Ciska Thurman explores inexpensive ways to inspire year-end fun without turning to the nearest electronic device
When schools around the country close for December holidays, parents become increasingly burdened by the monotone mantra: ‘I’m bored. There’s nothing to do!’ Kids with never-ending time on their hands and nothing to do spell trouble – or television. So how can you minimise screen time, maximise stimulation and encourage independent play?
We asked Gaya Schatz, founder of Little Bo Babies and mother to twin girls, for her tips.
Being creative often means making a mess. Holidays are an ideal time to relax limitations around getting, and staying, dirty (but the cleaning up afterwards is a non-negotiable). ‘Toddlers will enjoy crafting with play dough, fat wax crayons, chalk and paint,’ Gaya says. Or you could make some coloured tea and mud cakes for a teddy bears’ picnic.
Children who are three years old and older will take these activities to the next level, usually inspired by a commission or competition (‘Let’s make birthday presents for everyone in our family’ or ‘Who can make the most Christmas cards?’).
Older kids will generally be more motivated by longer term projects that they can work on day by day, such as knitting, beading or papier mâché.
2. Move it
Toddlers (18 months to three years) want nothing more than floor time with mom or dad. So get down to their level and keep it simple, suggests Gaya. ‘Roll a ball back and forth, role-play with stuffed animals or build a track and race cars.’
Young children (three to six years) love to play games that encourage turn-taking and competition: hide and seek, follow the leader or hopscotch.
And school-going youngsters (six+ years) will often spend hours on the latest fad, so look for one with a physical component: a yo-yo, frisbee or scooter.
3. Solve it
Building anything is a great workout for the brain. Get your toddler thinking with towers, blocks and Lego, advises Gaya. This construction encourages logic, counting, ordering and grouping – and also promotes fine-motor skills.
‘Young children enjoy the sense of accomplishment that comes with building puzzles.’ So invest in a few different types (peg, block, jigsaw) and be a model of the perseverance required with developing this skill.
The older children may like reading out aloud or talking through brain-teasers such as number or word sums.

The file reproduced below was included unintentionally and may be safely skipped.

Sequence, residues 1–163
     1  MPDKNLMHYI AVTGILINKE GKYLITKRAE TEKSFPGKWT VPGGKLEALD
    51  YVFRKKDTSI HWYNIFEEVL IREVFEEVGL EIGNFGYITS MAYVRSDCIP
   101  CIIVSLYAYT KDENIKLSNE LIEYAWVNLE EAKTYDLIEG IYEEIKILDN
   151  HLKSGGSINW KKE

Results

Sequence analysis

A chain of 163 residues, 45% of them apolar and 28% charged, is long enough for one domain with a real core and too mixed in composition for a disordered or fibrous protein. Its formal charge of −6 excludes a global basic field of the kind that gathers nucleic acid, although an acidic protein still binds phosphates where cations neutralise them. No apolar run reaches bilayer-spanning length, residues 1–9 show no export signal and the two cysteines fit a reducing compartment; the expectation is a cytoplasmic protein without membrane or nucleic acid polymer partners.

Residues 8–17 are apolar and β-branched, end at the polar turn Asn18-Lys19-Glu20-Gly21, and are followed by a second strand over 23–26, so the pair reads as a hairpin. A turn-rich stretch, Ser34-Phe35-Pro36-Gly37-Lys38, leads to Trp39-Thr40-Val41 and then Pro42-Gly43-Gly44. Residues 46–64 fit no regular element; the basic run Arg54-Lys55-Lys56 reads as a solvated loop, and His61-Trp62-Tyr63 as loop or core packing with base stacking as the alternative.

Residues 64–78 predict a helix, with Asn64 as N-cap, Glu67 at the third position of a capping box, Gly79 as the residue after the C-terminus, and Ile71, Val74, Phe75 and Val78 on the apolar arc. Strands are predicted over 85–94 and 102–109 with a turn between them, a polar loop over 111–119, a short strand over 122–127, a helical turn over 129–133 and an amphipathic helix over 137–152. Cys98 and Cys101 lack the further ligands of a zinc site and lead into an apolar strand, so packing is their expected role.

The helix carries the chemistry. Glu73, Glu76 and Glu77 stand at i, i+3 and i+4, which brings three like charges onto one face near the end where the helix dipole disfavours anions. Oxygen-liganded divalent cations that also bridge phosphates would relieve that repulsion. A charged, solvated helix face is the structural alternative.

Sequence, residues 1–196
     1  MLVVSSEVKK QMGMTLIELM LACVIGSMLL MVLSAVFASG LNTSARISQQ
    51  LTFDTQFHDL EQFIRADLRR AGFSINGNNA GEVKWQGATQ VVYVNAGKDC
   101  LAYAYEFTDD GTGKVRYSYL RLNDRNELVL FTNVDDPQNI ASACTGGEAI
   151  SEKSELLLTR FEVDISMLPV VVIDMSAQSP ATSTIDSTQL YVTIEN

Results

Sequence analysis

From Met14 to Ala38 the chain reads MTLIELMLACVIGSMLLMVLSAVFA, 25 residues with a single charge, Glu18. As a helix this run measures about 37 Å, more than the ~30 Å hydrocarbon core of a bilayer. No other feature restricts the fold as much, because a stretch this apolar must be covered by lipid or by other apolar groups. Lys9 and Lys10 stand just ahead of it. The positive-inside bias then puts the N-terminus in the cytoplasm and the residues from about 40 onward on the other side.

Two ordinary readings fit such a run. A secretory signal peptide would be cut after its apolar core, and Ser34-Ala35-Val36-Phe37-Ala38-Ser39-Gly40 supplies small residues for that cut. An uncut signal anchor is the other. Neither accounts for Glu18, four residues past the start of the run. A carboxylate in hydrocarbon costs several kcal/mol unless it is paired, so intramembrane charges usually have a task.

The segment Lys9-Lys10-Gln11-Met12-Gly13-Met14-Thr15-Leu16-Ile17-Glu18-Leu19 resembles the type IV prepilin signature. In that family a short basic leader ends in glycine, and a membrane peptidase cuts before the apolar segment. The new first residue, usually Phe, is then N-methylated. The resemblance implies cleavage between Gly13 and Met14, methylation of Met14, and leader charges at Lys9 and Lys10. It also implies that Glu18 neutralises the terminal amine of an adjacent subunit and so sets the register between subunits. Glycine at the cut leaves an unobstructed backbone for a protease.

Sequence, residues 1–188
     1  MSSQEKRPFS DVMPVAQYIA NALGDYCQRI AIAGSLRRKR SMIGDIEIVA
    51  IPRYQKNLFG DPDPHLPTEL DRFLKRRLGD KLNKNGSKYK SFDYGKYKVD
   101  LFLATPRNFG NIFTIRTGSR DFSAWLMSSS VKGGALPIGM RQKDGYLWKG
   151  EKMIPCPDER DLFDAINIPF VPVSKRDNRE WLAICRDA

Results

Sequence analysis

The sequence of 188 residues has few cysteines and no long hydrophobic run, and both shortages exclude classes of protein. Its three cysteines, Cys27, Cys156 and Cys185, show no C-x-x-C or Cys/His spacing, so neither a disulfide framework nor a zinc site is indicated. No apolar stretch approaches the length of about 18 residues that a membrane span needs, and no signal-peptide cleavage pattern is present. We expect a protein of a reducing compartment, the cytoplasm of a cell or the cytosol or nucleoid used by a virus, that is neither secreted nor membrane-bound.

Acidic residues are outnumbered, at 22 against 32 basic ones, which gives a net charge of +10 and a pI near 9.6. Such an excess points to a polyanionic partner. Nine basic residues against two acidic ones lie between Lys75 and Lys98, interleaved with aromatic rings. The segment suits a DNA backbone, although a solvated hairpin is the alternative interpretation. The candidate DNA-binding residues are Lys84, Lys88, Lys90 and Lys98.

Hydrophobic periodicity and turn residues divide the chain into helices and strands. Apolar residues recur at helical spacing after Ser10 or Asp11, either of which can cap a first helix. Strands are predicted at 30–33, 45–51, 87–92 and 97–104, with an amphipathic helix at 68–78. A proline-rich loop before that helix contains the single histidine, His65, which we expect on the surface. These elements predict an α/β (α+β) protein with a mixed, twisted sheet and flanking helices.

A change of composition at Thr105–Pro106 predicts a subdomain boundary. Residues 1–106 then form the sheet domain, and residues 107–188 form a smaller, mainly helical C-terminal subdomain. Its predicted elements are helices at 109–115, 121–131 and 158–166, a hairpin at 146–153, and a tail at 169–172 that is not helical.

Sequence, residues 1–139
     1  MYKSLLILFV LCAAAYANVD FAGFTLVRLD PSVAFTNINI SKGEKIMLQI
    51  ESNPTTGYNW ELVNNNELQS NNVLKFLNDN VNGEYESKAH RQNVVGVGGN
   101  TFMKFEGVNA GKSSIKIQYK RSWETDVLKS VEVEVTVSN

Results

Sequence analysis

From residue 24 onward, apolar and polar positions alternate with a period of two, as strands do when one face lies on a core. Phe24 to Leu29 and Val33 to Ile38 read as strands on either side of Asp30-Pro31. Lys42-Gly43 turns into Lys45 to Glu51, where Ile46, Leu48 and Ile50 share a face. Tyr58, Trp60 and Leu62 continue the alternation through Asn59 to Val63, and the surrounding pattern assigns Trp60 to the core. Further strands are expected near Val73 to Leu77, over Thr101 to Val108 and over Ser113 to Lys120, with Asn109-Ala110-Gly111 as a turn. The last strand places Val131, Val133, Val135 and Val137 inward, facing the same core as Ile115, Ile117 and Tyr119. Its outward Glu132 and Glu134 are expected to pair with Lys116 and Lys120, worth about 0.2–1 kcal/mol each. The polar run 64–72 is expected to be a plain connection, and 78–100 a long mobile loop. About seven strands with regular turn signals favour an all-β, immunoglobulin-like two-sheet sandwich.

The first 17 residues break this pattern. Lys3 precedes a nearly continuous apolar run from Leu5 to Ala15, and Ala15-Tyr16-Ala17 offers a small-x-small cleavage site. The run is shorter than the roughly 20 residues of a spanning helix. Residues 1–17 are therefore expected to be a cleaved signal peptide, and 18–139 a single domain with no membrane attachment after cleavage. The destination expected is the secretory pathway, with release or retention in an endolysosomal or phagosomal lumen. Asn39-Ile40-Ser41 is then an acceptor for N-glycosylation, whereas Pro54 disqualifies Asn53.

4. Step back
Don’t fall into the trap of becoming Chief Entertainer. Sure, toddlers will need a play-facilitator, but as your children grow older, your role should shift from participant to enabler. Make sure inspiration isn’t hard to uncover. Stock up on supplies and keep an eye on what develops – often the best holiday memories are made 10 minutes after Mom insists, ‘Go outside and play!’
5. Get outside
Whether you’re spending your holidays at home or away, getting out of the house is essential – and need not break the bank. With some clever planning and packing (never forget the snacks!), there are some gratis go-tos that will keep your kids entertained for hours: the beach, park or forest, the library (for story time), harbour, airport or the community pool. Allow each of your children to invite a friend and plan some site-specific activities or games as a back-up option.
In her book 501 TV-Free Activities for Kids, author Di Hodges draws loads of inspiration from everyday household items. She urges parents to expand their pursuits to include as many as possible of the following: indoor and outdoor activities, something from the science lab, art adventures, number fun, words and music, craft creations, cooking and gardening.
With all these tools in hand, here are some foolproof examples for you to try with the kids:
Paint the house (for ages 2+)
Add some drops of food colouring to a bucket of water (learn by mixing secondary colours too), and give your tot a real paintbrush. Demarcate the area outside to be painted and watch them go! (You can hose it down later.)
Words and music
Record a story (for ages 4+)
Select your kids’ favourite storybook and rehearse an out-loud reading of it, including selecting household objects to create sound effects. You could also include a chime to indicate when to turn the page. Use your cellphone to record, and have a laugh at the result!
Create a family tree (for ages 8+)
Uncover old family photos and jot down a basic framework of dates and events. Encourage your youngster to interview family members (either in person, via email or over the phone), and compile a family tree in a medium of their choice. Include as many details as possible: births, deaths, marriages, nicknames, pets and so on.